On Sunday, I attended my monthly critique group meeting. I’ve been part of this group since about 2011 or 2012, and it predates me by a couple of years at least. I’ve grown a lot as a writer thanks to the feedback I’ve received. Also thanks to the feedback I’ve given. Examining other writers’ work with a critical eye has helped me recognize some of the same problems in my own prose, and to stop making the same errors.
I haven’t grown as much as I could have. As I mentioned in the first post in this daily blog experiment, I have often been reluctant to take risks and show unpolished work to the group. As a result, I’ve robbed myself of opportunities by going months without a submission, or by submitting something I’d worked on so much that I’m reluctant to make changes when I do get feedback.
This month, I submitted a raw first draft: a short story of 1,300 words, warts and all. A character appeared in paragraph four, then vanished. Another character changes location from one paragraph to the next without covering the intervening space. (This is not a science fiction story.) The ending is simply the place where I stopped telling the story.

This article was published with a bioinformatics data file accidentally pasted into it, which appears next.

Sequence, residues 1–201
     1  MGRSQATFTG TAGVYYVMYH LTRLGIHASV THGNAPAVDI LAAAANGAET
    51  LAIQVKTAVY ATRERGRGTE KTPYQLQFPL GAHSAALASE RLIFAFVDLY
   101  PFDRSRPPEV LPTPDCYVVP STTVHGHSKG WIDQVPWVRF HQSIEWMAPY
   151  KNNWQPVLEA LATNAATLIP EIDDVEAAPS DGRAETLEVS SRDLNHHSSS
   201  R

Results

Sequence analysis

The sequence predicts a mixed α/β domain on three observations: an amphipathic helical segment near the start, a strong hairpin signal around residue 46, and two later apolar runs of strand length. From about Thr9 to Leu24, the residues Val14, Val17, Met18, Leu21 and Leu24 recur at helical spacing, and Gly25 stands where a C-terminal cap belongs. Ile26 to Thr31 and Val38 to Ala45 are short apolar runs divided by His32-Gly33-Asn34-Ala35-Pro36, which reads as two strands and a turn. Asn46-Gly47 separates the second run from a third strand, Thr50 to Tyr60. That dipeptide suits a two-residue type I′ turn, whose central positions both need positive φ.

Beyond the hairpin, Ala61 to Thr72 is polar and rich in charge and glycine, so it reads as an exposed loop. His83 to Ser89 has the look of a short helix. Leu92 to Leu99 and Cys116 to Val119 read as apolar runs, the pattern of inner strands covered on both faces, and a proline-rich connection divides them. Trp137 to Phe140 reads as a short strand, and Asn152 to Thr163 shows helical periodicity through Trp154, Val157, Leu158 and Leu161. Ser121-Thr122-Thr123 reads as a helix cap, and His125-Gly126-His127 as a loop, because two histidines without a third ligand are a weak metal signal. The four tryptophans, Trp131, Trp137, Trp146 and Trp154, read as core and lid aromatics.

Previously, I would have held onto this story. Turning it in helped me realize that the internal dialogue that the protagonist carries on is not distracting, as I’d feared it would be. Had I revised the story before turning it in, I probably would have edited that element out. In fact, my group gave me suggestions for a stronger ending that relies on the fact of the that internal dialogue. And one of my partners shines when she slices my paragraphs to ribbons, and rewords and reorganizes them. I often don’t like the exact suggestions she makes—our writing styles are so vastly different—but the changes she makes often give me fresh perspective on how the words are recieved, and the next draft will be much stronger.
If I ever do manage to have a novel published, it will be a direct result of this group’s advice.